–risk of addiction: approx 9% of users become addicted (per DSM-IV criteria), increasing to 1 in 6 in those who start as teenager and to 25-50% of those who smoke daily (2.7 million people in US over age 12 meet criteria for addiction, and 8.6 million meet addiction criteria for alcohol). withdrawal symptoms include irritability, sleeping difficulties, dysphoria, craving, anxiety. in general, adolescents seem to be more susceptible to adverse long-term effects, perhaps because the brain, including the endocannabinoid system, is actively developing in adolescence. cannabinoid dependence is 2-4 times more likely if begin marijuana as adolescent vs adult.

–brain development: brain is actively developing until around age 21. adults who smoked marijuana regularly as adolescents have fewer neural connections in specific brain regions, including the precuneus (a node involved in higher integration functions, such as alertness and self-conscious awareness), the fimbria (part of hippocampus important for learning and memory), prefrontal networks (for executive function), and subcortical networks (which process habits and routines). and, not surprisingly, frequent findings of decreased IQ in frequent users. also, poorer educational outcomes and increased likelihood of dropping out of school.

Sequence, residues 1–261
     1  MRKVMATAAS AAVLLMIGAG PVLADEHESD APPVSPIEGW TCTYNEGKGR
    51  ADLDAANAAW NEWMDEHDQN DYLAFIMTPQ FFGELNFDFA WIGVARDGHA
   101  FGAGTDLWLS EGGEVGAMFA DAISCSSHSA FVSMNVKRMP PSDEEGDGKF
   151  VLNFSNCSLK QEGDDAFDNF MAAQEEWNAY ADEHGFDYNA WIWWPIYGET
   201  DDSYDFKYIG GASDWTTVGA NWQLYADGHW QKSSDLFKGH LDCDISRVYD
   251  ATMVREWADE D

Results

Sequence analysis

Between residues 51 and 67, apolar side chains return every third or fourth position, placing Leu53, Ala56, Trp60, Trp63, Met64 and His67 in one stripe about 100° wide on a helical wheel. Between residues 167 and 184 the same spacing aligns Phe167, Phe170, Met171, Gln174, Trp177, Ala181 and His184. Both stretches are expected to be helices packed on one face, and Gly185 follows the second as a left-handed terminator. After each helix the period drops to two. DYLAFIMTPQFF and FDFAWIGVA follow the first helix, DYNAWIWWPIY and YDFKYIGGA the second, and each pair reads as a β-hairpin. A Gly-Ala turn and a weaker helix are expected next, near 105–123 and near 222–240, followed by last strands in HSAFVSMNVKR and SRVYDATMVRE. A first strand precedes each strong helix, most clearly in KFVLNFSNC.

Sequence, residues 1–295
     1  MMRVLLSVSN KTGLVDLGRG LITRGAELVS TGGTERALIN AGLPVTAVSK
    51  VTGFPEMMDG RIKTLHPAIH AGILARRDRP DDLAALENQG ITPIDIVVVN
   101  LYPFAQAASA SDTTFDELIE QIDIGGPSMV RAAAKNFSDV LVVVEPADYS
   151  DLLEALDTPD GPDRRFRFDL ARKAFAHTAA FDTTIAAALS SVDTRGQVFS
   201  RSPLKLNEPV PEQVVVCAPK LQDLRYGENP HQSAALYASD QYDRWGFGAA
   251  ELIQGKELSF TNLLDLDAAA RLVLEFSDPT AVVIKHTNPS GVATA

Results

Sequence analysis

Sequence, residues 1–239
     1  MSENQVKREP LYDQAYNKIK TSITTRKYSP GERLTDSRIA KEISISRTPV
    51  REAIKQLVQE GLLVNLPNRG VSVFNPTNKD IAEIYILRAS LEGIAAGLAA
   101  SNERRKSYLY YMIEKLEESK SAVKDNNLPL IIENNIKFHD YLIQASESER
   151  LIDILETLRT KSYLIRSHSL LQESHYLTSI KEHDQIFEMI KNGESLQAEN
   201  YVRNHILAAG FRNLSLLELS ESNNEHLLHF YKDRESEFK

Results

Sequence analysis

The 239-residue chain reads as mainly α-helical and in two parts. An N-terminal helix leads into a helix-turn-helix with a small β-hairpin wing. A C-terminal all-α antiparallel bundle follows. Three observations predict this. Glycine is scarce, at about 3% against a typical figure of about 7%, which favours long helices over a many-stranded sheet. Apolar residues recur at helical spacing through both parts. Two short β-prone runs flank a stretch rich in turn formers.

–gateway drug: unclear if marijuana use leads to other drug use, or if those inclined to drug use just start with marijuana (cheap, accessible). but, some of the animal studies are concerning: those exposed to marijuana when young have alterations in their mesolimbic dopamine reward systems, which can prime the brain for enhanced responses to other drugs

–relation to mental illness: some data that there is increase in psychosis, esp in those with genetic predisposition, though hard to establish causality. heavy use associated with earlier first psychotic episode than otherwise expected.

–cancer: lung cancer possibly associated, but nowhere near level of cigarettes. seems to be more chronic bronchitis (and inflammation of large airways, increased airway resistance, lung hyperinflation) in chronic marijuana smokers. some increase in respiratory infections and pneumonia. association with vascular disease (MI, stroke), with noted acute changes in vascular resistance and coronary microcirculation.

positive effects (ie, the rationale for medicinal marijuana):

–stimulate appetite, esp in those with AIDS (though there are some data that marijuana could exacerbate HIV-associated cognitive deficits)
–combating nausea/vomiting, esp in those on chemotherapy
–helping relieve severe pain and some types of spasticity
–decreasing intraocular pressure in those with glaucoma
–anti-inflammatory effects –role in IBD or rheumatoid arthritis (some data on cannabidol, which is devoid of psychoactive effects)
–MS — some efficacy for neuropathic pain, sleep disturbance, and spasticity